This month two calves and a cow were killed by wolves on a farm in Cooks. There are over 650 wolves residing in the Upper Peninsula, and they are found in every county. Attacks can happen anywhere.
Farmer David Robere never expected to find wolves in his own backyard.
"Itâ??s one of those things you always think is going to happen to everybody else and itâ??s never going to happen to you,â?? said Robere. â??We were very disappointed"
A week after the attack, a wolf was standing only 400 feet from his house where his young grandchildren play.
"Iâ??m kind of concerned somebody somewhere is going to loose a child someday to one Iâ??m afraid,â?? said Robere. â??I hope not, but there's just too many."
Livestock wolf attacks have typically been most common in the central-western U.P. This year, patterns are suggesting attacks may become more frequent across the entire peninsula.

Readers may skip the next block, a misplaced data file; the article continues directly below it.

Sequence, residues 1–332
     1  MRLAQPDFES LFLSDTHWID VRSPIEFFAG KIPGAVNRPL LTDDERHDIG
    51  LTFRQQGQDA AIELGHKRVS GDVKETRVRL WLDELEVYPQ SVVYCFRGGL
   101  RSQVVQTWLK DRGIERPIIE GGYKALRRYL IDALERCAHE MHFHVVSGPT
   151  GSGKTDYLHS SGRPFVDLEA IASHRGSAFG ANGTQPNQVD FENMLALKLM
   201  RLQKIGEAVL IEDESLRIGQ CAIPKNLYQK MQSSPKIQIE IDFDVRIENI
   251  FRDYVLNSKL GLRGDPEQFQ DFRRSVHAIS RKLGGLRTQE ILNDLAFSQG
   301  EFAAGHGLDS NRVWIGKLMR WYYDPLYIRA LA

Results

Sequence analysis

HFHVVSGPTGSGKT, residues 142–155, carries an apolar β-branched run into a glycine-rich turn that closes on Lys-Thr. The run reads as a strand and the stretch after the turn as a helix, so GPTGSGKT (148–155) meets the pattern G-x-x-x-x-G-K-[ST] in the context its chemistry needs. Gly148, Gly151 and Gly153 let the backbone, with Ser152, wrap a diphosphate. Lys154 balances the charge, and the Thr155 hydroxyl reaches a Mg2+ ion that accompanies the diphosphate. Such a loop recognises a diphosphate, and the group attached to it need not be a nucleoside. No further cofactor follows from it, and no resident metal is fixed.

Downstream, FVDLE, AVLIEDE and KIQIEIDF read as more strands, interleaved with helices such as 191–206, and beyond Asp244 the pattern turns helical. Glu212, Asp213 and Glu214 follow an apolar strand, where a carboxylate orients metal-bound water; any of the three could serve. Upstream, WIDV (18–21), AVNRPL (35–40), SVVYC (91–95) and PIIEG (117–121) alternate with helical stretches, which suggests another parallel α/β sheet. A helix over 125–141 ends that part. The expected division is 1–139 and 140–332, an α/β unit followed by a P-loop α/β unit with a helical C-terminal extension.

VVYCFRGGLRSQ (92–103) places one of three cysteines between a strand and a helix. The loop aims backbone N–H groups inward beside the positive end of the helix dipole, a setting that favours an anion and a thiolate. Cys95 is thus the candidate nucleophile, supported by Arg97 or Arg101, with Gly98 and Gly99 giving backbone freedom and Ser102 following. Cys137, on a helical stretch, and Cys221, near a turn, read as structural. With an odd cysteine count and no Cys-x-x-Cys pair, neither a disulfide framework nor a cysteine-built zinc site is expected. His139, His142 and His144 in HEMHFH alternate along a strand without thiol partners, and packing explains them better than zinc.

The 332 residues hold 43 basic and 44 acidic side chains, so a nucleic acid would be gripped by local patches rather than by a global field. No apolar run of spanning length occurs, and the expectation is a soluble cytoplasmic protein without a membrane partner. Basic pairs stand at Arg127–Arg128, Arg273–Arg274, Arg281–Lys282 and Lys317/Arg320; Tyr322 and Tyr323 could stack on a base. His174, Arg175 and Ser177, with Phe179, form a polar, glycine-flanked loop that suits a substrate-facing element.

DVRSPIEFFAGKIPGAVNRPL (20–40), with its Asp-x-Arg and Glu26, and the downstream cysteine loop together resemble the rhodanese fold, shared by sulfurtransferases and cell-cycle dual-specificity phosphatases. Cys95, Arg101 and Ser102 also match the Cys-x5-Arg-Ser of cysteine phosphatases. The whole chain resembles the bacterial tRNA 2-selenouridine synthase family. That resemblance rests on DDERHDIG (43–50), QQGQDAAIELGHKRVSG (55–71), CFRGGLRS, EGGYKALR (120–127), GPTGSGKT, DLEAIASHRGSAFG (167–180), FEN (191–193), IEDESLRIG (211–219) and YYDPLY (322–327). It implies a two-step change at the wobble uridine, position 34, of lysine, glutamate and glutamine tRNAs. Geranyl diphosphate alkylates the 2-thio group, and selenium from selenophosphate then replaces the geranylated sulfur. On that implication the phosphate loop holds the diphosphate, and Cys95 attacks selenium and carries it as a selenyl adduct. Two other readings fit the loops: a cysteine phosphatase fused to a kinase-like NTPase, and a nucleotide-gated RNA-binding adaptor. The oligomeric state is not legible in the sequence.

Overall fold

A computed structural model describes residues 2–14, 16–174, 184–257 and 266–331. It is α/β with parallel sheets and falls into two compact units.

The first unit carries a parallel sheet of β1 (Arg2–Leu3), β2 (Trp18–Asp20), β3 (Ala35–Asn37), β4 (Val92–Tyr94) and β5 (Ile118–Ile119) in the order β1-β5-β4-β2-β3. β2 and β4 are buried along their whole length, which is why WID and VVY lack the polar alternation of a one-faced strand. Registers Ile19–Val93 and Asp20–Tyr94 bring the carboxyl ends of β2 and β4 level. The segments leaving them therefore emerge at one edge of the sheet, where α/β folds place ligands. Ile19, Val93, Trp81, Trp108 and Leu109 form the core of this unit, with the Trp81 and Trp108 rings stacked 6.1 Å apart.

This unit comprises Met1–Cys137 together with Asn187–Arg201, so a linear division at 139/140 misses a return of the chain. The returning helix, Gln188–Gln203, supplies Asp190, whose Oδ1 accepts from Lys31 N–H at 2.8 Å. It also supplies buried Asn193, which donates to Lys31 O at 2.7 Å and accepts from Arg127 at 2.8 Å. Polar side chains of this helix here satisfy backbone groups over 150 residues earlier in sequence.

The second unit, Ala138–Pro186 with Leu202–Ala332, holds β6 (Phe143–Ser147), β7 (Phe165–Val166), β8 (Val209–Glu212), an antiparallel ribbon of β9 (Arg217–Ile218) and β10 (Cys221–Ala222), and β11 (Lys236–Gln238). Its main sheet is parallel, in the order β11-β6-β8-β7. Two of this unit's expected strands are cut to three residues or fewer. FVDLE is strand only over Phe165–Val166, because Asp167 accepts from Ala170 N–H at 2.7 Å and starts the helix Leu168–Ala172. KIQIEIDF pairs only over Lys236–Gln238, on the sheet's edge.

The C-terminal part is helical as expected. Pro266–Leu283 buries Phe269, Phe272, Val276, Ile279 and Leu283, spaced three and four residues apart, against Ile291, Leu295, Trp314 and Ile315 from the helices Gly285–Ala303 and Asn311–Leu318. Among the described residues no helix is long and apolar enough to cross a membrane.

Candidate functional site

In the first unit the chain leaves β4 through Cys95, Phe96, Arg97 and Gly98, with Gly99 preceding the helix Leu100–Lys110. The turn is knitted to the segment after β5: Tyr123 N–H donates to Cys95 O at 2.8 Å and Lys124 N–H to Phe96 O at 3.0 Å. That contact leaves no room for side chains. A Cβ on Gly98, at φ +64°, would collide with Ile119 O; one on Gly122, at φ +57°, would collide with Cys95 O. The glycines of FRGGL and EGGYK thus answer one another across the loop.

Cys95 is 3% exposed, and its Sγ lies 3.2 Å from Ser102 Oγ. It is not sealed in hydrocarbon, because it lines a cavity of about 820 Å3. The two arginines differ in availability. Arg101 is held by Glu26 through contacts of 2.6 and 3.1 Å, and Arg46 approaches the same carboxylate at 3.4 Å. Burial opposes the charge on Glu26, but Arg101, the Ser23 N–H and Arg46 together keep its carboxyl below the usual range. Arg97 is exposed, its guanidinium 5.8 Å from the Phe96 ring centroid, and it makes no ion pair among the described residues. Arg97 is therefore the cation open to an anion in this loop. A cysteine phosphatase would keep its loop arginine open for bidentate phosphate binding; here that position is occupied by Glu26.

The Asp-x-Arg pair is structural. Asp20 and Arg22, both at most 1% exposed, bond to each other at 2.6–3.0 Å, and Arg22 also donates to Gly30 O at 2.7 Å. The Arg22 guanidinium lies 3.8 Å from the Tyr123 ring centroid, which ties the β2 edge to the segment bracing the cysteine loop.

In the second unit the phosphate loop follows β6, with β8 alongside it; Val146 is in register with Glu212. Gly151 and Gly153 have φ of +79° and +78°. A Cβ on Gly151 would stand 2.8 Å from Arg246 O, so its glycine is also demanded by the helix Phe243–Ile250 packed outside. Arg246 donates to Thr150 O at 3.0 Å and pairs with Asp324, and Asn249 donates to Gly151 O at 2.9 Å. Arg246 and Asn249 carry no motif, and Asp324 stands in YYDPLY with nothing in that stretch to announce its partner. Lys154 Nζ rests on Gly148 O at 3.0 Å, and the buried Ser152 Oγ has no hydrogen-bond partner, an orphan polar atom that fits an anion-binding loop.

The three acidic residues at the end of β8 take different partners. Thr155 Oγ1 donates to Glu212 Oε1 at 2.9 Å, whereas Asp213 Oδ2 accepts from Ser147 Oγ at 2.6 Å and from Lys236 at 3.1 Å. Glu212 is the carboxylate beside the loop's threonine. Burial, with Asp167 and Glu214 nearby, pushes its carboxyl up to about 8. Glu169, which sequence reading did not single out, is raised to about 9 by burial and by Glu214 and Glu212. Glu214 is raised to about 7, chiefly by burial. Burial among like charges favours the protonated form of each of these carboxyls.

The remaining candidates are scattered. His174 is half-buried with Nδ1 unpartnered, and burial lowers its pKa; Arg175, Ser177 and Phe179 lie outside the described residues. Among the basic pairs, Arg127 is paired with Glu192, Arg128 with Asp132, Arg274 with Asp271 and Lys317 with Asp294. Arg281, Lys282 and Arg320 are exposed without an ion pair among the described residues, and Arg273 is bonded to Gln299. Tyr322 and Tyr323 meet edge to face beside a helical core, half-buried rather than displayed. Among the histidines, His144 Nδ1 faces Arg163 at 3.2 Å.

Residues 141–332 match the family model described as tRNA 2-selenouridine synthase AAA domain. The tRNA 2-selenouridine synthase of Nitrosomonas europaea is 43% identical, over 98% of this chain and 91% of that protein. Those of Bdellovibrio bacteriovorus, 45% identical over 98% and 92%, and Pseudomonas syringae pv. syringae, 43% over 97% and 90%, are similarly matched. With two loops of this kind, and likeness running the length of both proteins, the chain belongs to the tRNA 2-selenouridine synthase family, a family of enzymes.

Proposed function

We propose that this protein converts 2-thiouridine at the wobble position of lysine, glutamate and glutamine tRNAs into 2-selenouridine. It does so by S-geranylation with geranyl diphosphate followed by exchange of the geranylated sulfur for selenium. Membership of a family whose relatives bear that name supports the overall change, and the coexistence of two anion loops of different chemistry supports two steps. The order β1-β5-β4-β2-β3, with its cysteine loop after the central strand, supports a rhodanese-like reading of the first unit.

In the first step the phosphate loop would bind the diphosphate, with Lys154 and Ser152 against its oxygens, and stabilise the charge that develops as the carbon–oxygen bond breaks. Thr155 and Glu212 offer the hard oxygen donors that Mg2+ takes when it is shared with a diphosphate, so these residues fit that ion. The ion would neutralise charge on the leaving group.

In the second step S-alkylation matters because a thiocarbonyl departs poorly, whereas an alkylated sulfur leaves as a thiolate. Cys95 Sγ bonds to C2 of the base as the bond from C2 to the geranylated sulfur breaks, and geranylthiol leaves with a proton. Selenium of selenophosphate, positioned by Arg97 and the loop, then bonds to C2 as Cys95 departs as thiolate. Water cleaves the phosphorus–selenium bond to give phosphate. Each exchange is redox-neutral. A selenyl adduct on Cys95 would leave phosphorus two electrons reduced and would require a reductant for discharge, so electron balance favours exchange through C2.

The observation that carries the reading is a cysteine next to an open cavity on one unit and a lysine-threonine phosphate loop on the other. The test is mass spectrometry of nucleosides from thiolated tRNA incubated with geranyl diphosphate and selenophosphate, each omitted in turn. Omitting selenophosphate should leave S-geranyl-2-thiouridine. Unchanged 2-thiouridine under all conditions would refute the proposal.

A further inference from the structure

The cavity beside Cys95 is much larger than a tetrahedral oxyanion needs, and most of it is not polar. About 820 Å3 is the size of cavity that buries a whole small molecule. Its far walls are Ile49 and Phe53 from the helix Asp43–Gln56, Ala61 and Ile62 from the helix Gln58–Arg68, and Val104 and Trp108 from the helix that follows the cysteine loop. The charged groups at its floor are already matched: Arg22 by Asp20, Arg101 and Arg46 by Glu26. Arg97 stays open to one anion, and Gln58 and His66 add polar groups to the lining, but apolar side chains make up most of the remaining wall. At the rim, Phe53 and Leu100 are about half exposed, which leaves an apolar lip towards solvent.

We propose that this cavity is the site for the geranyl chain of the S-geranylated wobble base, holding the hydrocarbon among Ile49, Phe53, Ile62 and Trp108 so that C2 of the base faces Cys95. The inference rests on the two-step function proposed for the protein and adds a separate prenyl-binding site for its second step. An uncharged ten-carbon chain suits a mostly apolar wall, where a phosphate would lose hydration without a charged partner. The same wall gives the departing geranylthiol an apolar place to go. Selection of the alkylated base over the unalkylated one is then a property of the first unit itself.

"We are experiencing a little bit higher rates of depredation this year,â?? said DNR wildlife biologist Brian Roell. â??It's something we anticipated just with the down turn in the deer heard so that natural prey availability isn't there."
If you suspect depredation has occurred on your property preserve the evidence and contact the DNR immediately.
Like they did with Dave, they can work with you to get reimbursement for your lost cattle and provide you with fatal and non-fatal prevention methods.
"Keep those animals from coming back and break that cycle so you don't get those animals used to eating livestock,â?? Roell said. â??It really goes a long way in preventing damage down the road and for years to come."
More for information, visit the DNR website.